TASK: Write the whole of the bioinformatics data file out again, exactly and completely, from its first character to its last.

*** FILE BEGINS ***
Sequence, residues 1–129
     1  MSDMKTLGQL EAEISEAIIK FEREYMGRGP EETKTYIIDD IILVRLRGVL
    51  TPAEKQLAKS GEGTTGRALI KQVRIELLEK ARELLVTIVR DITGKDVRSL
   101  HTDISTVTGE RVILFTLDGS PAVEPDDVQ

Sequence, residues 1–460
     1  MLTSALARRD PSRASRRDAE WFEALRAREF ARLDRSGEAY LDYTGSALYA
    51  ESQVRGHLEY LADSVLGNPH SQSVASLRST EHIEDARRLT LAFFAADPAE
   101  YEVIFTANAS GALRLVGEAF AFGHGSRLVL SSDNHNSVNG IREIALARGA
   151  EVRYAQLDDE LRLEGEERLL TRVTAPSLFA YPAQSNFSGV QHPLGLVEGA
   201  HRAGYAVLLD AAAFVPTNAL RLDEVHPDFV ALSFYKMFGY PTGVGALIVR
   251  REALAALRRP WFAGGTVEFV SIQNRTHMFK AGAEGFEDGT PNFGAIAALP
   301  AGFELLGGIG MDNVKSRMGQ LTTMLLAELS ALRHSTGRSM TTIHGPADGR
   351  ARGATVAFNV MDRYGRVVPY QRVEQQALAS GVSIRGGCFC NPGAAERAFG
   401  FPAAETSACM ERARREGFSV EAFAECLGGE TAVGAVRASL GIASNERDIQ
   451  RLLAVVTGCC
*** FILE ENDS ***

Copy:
Sequence, residues 1–129
     1  MSDMKTLGQL EAEISEAIIK FEREYMGRGP EETKTYIIDD IILVRLRGVL
    51  TPAEKQLAKS GEGTTGRALI KQVRIELLEK ARELLVTIVR DITGKDVRSL
   101  HTDISTVTGE RVILFTLDGS PAVEPDDVQ

Sequence, residues 1–460
     1  MLTSALARRD PSRASRRDAE WFEALRAREF ARLDRSGEAY LDYTGSALYA
    51  ESQVRGHLEY LADSVLGNPH SQSVASLRST EHIEDARRLT LAFFAADPAE
   101  YEVIFTANAS GALRLVGEAF AFGHGSRLVL SSDNHNSVNG IREIALARGA
   151  EVRYAQLDDE LRLEGEERLL TRVTAPSLFA YPAQSNFSGV QHPLGLVEGA
   201  HRAGYAVLLD AAAFVPTNAL RLDEVHPDFV ALSFYKMFGY PTGVGALIVR
   251  REALAALRRP WFAGGTVEFV SIQNRTHMFK AGAEGFEDGT PNFGAIAALP
   301  AGFELLGGIG MDNVKSRMGQ LTTMLLAELS ALRHSTGRSM TTIHGPADGR
   351  ARGATVAFNV MDRYGRVVPY QRVEQQALAS GVSIRGGCFC NPGAAERAFG
   401  FPAAETSACM ERARREGFSV EAFAECLGGE TAVGAVRASL GIASNERDIQ
   451  RLLAVVTGCC